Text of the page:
The interior is finished with the same metallic grey coating as the exterior. Situated around the motherboard are a handful of grommets for cable routing, since much of the wire management will take place behind the motherboard tray. This space is a little less than one and a half inches thick, with the ability to mount either a 120mm or 140mm, albeit thin, case fan behind the CPU cut out. The cables will return to the main compartment of the chassis through the grommets, three vertical along the right side of the motherboard tray and one vertical just in front of the power supply bay. There is also another rectangular cut out in front of hard drive bay for additional routing, and one in the corner by the rear exhaust.
In-Win has included tool-less installation for both the external and internal drive bays, and also for the fans in those areas. The first example you’ll see is a 120mm fan mounted on the inner side of the top hard drive bay, and it’s the best one to see how it works. Two clips hold the frame in place, and in this case there are two metal guides for the top and bottom of the fan to rest as well. The front in-take fans operate on this system as well, eliminating the need to mount with screws. It’s an obvious benefit, reducing the work to equip fans substantially, but it does a few draw backs. You’ll want to make sure the clips are mounted correctly, or you run the risk of it loosing pressure and falling. If the clips are used correctly there doesn’t seem to be much threat of this happening after running the case through several scenarios, but when we received our product sample it this fan was loose. Also, because of this tool-less system the bottom hard drive bay must be removed to access the front in-take fans. In other cases, you could remove the front bezel and unscrew the fans from the outside, and often could jimmy them out without doing so. Because In-Win opted for thumb screws here, it’s really not a big deal.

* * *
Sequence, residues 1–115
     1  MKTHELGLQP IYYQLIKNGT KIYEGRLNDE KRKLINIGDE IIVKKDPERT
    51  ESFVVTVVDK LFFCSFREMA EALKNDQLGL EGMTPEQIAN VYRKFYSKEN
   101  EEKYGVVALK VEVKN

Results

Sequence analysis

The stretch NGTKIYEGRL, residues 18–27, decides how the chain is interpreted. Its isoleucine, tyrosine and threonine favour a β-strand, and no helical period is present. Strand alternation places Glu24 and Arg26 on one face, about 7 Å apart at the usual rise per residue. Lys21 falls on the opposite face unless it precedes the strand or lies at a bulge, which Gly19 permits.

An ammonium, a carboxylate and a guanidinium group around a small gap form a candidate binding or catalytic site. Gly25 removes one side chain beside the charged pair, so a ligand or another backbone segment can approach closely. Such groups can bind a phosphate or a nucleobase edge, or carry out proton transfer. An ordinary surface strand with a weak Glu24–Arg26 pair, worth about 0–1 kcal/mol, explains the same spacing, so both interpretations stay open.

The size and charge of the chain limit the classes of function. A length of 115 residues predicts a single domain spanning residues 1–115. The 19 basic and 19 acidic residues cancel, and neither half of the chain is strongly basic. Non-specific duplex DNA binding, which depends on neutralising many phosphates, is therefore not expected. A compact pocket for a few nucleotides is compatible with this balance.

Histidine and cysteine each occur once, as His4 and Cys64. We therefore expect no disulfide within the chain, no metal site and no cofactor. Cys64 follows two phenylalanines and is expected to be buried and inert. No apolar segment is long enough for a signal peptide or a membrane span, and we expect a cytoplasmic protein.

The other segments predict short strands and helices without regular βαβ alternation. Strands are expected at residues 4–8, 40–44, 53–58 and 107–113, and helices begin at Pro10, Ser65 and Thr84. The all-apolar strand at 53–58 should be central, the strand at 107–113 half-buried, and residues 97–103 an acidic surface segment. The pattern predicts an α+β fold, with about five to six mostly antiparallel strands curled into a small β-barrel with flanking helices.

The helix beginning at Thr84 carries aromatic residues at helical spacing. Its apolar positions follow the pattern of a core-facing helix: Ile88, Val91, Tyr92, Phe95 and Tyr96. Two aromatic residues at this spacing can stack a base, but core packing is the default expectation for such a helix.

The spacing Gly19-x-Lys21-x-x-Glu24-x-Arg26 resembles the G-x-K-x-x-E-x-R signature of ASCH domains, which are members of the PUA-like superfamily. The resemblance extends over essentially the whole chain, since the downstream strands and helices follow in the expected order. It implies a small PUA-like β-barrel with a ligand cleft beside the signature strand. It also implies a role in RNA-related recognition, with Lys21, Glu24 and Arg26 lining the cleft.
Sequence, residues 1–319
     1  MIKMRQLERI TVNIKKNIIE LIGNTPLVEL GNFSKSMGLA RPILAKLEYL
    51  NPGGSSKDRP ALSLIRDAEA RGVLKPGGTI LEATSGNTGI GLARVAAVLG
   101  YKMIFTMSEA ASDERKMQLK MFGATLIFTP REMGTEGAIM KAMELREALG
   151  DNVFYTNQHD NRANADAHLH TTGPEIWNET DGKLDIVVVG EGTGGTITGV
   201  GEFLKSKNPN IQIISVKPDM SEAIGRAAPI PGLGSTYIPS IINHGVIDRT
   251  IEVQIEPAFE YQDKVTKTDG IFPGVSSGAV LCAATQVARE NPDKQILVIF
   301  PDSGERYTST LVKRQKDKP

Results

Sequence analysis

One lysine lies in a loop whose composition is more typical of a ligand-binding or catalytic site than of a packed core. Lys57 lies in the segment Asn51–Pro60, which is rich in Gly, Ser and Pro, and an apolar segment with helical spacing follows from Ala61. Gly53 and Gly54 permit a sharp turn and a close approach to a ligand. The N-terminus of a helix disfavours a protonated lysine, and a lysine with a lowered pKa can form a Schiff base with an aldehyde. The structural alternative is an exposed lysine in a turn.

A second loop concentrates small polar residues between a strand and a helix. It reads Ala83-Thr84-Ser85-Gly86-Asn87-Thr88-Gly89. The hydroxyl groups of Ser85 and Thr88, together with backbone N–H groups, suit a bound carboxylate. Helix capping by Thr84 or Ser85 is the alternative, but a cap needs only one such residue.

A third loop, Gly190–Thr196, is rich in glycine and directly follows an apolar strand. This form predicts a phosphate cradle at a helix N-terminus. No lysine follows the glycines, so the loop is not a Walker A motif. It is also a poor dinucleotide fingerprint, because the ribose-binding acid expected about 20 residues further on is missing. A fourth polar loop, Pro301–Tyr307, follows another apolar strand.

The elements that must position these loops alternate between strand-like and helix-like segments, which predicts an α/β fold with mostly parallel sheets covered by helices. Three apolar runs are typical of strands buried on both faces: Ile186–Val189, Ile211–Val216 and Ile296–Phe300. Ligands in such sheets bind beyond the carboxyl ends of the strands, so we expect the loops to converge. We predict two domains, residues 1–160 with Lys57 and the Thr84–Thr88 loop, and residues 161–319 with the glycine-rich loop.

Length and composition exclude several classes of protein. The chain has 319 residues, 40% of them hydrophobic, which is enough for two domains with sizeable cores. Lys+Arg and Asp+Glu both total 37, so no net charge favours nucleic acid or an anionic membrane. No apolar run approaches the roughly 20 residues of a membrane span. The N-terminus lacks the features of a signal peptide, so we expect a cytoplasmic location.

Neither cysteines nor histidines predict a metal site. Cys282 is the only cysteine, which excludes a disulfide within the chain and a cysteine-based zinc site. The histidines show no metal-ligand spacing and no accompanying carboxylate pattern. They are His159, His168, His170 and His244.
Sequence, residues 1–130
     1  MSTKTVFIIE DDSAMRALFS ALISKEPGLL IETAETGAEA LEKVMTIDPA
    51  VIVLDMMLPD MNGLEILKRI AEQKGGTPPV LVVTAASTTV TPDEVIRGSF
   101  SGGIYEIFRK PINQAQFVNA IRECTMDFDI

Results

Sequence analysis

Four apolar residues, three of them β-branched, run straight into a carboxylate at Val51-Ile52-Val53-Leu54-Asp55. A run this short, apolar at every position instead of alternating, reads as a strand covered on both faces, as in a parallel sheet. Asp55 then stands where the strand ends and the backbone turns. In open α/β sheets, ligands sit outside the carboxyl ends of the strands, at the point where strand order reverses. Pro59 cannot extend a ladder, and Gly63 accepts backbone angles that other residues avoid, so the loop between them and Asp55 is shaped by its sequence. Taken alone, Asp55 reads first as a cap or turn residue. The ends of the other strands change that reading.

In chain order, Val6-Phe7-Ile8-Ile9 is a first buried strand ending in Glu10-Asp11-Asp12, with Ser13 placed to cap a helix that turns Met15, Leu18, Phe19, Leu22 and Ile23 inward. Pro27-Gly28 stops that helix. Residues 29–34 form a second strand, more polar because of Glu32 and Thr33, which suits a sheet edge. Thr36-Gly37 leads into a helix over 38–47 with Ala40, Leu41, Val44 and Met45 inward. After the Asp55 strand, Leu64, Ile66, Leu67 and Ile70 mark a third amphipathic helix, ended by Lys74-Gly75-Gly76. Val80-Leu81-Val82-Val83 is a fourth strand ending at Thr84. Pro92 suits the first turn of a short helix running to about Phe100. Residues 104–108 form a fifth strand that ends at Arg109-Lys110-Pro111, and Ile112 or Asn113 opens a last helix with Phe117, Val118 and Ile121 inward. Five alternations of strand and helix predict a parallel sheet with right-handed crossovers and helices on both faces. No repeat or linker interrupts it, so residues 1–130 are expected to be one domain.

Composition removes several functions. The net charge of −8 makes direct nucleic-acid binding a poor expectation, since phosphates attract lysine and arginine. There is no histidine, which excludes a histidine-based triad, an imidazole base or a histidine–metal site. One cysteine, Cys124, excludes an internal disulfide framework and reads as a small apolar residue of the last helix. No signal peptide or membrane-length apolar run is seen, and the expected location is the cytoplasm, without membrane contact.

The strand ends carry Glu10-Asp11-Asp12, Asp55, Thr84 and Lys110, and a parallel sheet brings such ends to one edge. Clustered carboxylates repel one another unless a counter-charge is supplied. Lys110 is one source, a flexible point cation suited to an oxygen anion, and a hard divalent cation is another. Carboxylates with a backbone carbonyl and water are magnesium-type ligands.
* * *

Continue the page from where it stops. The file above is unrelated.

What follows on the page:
Obviously then the bottom bay is removable; the top bay is as well. You can remove these to provide a little extra room for things such as radiators as needed. The drivers are equipped using slide-rail trays that use pressure and pins in the mounting area of the drive to keep it in place. The securing arm of the tray acts like a door, releasing the entire mechanism or locking it in place. The bottom cage provides three bays, while the top provides five.
Above the hard drive cage is the external drives’, supporting three 5.25” devices with a tool-less mounting system. In-Win is known, at least to me, for their lime green color that the GR one has escaped up to this point. The push-pin design features the trademark hue, but don’t worry if you’re not a fan; the windowed side panel hides all the cages from view.
The top and rear fans are still equipped using the traditional screw method, one on each included from In-Win. Looking at the shape of the case, particularly the top on the outside, the incline is noticeable, a feature that seems to be more facial then functional. It does translate in a neat way inside, with a rafter-like design creating the frame to mount up to three fans, with space above that will at the least help with airflow, and has some great potential for some unique modification.